In terms of how the film plays.... well it’s just beautiful. Vibrant, sometimes almost primary colours and shot set ups with a Bavaesque quality to them which eschew some of the more coldly clinical moments of Cronenbergism while simultaneously enhancing the content of key scenes where a sequence might be washed in a dominant green or red playing in contrast to the preceding scene.
Added to this you’ve got a lot of strong performances in here and in terms of the story and dialogue... well it mostly does the same kinda thing but it reaches its end goals in a way which, I think, is more in tune to the way stories are explored and presented now as opposed to, obviously, the late 1970s. Which is absolutely right for this because... who wants to see a so called remake when it just does exactly the same thing as the original, which is its own entity entirely? This one tries to take the essence of Cronenberg’s ideas but makes it more direct and takes its time more in certain areas and rushes through other bits which don’t seem so important in this vision of the tale. Again, it feels like this was the right way to do this and I think this new version is different enough that it would make for a good cinematic double bill with the first version playing right before it.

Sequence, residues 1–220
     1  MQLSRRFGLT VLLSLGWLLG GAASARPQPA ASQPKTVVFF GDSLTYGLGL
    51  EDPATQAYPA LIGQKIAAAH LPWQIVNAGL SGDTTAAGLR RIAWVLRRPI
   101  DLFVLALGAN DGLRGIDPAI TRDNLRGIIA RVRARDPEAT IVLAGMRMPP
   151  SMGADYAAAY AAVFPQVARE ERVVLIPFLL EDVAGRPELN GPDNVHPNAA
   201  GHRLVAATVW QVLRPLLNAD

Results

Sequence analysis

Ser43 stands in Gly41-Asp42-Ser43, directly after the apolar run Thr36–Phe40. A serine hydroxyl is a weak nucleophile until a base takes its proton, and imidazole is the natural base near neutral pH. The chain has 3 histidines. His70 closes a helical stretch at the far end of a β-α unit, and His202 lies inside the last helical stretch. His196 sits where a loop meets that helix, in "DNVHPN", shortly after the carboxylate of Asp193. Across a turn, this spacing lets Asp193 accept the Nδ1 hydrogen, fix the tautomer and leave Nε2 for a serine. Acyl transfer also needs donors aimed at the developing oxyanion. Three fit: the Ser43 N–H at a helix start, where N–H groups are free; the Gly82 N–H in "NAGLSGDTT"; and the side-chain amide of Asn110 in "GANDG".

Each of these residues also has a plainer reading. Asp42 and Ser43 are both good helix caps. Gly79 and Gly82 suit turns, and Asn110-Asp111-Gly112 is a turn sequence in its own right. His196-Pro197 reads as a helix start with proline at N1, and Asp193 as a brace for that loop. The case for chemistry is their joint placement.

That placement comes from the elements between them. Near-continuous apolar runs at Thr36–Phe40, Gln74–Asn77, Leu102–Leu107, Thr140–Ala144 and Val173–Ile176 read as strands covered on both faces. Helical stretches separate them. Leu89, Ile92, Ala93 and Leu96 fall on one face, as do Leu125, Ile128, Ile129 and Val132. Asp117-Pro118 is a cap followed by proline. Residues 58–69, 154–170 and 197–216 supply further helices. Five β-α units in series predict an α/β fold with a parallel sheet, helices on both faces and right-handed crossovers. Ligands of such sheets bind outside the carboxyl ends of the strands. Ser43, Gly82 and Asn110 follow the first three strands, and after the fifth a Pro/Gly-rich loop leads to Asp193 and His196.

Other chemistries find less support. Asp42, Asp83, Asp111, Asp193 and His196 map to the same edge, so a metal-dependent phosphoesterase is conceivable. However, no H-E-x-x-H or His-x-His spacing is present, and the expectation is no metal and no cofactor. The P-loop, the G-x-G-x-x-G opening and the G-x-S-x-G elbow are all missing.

And, as I said earlier, this one shouldn’t alienate those who are big Croneneberg fans. There are a lot of visual and textual references to his world scattered throughout. For instance, the surgical gowns in the operating room presided over by... ahem... Dr. William Burroughs (played by Ted Atherton) are a deliberate echo of the surgical gowns worn by Jeremy Irons in Dead Ringers... as are the names of the characters played by the Soska Sisters in this, Bev and Ellie. And there are quite a few little nods in this to keep enthusiasts for the work of Mr. C on their toes, such as a shop Santa Claus being gunned down, just like in the original (but for slightly different reasons). One which I’m not 100% sure was deliberate or just me imagining things, is when Dr. Burrough’s wife turns up near the end of the film. I’m skirting around specifics here because of spoilers but the visual look of some of the scenes she is in reminded me somewhat of a reveal right at the end of The Brood. Like I said, though, I’m not sure if that was on purpose or just me getting too near to my bedtime.